By Andrew Wilson

Unsurprisingly, I have no field work activities to report this month – the nearest we’ve been is making a muck heap in one of our driest undrained fields three times bigger than is required for the 3.5ha field it sits on.

For the first time in my memory we haven’t been able to tip muck in winter where it’s to be spread, so it will be to move again. Hey-ho, I’m not on my own with that, I’m sure. We haven’t been able to lift beet either, but going by the factory outputs, that’s a widespread issue too.

So wet day jobs have been the order of the day here. They take many forms – from recruiting a member of staff to fill a vacancy in our little team to making some ventilated doors for our pig sheds, as well as servicing spring machinery, catching up on some training and having a few days holiday.

I’ve been fortunate to benefit from the advice of many wise people over the years, but one that always sticks in my mind was given to me at a time when I was being a particularly irksome know-all teenager (engage Yorkshire accent for this!)

“You want t’gerr out ot farm gate an larn summat lad, or y’ll stop at ome til yer know nowt” – the gentleman was trying to point out to me that there was life outside of our little patch, and I hadn’t been on the earth long enough to know everything yet.

How wise was he. Here we are 30 odd years down the line, and I find that I’ve barely scratched the surface of what’s out there to learn about even just growing potatoes, never mind the wide-ranging subjects that agriculture encompasses.

I have a broad YFC heritage and sit as a founder member of a group called the Future Farmers of Yorkshire, in addition to playing an active part in the AHDB SPot, Strategic and Monitor farms over the years. Levy isn’t avoidable, but becomes no more than a tax if one doesn’t engage in the services available – where else could I benefit from the minds of inspirational people like Philip Wright, Neil Fuller, Joel Williams, Hannah Fraser, or Tim Isaac for no cost beyond my time?

This principle applies to many things including farm walks, discussion groups and industry body meetings like GB potatoes – the more people that turn up the better the discussion and knowledge transfer is possible – I’ve never come away from such a meeting and not learned something.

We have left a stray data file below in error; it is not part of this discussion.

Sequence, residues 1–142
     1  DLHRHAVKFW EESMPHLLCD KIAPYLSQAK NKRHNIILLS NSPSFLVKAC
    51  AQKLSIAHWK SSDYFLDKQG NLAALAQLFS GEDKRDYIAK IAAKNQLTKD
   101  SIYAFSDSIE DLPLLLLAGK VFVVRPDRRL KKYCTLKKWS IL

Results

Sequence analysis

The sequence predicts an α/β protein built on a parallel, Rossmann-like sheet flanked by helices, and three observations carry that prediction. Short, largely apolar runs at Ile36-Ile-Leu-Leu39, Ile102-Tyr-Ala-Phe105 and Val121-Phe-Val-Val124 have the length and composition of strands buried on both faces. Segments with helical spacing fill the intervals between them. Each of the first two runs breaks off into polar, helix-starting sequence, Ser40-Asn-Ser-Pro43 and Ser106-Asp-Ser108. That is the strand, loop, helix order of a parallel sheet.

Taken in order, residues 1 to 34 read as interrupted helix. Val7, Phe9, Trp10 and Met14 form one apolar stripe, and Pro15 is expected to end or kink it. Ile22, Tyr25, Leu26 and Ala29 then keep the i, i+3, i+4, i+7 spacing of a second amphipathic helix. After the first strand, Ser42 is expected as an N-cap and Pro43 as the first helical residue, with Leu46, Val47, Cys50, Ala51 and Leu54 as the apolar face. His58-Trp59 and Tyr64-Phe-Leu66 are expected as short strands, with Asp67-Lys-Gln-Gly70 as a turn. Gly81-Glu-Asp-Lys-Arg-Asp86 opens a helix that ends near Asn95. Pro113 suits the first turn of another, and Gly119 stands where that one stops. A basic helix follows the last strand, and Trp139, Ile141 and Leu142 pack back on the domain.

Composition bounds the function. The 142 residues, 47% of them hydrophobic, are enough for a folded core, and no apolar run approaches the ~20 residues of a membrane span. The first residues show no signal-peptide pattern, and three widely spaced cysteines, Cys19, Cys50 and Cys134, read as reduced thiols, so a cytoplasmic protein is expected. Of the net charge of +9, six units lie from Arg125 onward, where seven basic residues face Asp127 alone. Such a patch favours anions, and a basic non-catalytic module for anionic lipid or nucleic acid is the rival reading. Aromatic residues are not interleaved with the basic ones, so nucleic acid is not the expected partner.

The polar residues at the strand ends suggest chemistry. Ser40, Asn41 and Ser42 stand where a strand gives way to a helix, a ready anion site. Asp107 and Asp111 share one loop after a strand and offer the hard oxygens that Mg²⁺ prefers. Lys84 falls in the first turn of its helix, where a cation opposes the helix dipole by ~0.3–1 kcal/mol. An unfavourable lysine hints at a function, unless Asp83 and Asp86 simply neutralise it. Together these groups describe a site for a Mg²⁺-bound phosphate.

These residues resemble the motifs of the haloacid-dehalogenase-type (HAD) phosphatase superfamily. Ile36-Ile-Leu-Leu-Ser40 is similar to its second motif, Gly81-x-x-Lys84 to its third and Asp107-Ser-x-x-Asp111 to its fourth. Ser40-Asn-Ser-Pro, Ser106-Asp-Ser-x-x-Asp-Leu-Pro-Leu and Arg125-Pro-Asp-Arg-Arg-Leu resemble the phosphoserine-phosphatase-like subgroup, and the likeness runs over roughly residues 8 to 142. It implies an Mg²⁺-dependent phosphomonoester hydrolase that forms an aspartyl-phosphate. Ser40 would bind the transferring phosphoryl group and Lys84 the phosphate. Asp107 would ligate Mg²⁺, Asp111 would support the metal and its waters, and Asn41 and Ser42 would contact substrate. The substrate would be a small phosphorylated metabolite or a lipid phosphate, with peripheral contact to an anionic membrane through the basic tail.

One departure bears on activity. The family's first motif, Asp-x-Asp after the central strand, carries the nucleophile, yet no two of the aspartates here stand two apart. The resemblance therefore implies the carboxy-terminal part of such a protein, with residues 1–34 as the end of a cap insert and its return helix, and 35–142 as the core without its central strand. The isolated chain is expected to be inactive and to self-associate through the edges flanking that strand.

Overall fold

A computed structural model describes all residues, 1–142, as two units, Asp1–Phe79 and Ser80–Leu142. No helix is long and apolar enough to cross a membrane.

Back on the farm we’ve just finished loading our February contracted potatoes, with nearly half of them going through our washer due mostly to dry rot in store. Soils for potato growing in 2024 are sampled and fertiliser planned, along with an inevitably larger and ever edited programme of spring drilling for the rest of the farm.

Cover crops this season were once again a struggle to establish, but even the poorer ones have showed their worth in protecting the ground from the blasting that heavy rainfall can deliver, along with capturing nutrients, sequestering carbon, reducing cultivation requirements, and keeping nematodes in check. They’ll be desiccated and most of them topped in the coming weeks as ground conditions allow.

I won’t say too much about the impending loss of our industry’s oldest multi-site blight protection product here because it’s covered elsewhere in this publication, but just to say the real loss is in the associated consequences such a ban brings via co formulations.

Mancozeb has been around for many years, yet sadly it’s to go the same way as Diquat, CIPC and others. A cynic would say its demise is more driven by money than any safety issue, but I’ll leave you to decide that yourselves!

Having put myself through the annual CPD that is the NROSO update, I also learned of the newest big stick to our industry, that of Pesticide Enforcement Officers. I have to say I prefer a carrot to a stick, but we have little say in the matter. I urge you all to carry out a self-audit of your chemical stores and procedures while we can’t get on the land.

Even given all that doom, I somehow remain optimistic for a decent 2024 potato season. Next week will see seed potatoes arrive to potentially be dressed with fludioxonil before going into Blackburn crates for chitting ready for planting. Machinery is at least part serviced and plans are mostly made. It will dry up soon, I’m sure.

In the meantime, I’d better go and do that self-audit.

This article was taken from the latest issue of CPM. For more articles like this, subscribe here.

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